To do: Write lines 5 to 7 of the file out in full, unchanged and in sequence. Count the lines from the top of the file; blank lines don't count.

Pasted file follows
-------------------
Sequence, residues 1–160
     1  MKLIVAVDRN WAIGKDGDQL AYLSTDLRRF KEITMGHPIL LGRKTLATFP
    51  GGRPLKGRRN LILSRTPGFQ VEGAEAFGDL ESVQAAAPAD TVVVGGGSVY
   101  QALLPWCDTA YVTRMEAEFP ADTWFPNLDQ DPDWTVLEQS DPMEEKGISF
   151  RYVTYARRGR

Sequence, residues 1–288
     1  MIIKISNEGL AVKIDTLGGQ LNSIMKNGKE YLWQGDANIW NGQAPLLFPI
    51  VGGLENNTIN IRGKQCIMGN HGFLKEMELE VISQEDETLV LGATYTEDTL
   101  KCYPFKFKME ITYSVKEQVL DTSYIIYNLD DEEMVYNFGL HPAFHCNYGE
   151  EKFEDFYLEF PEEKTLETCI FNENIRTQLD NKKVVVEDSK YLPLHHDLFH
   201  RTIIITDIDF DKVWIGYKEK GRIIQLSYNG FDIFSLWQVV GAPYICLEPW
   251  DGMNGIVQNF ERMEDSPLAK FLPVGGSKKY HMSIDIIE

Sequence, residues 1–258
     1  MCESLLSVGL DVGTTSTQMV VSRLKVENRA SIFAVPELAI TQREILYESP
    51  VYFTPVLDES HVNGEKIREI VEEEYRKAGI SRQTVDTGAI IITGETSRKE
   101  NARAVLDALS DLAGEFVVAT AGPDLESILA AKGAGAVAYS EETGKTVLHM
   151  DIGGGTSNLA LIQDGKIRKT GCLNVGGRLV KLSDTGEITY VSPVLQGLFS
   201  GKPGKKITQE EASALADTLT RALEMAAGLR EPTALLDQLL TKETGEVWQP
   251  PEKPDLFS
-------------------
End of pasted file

   151  RYVTYARRGR

Sequence, residues 1–288
     1  MIIKISNEGL AVKIDTLGGQ LNSIMKNGKE YLWQGDANIW NGQAPLLFPI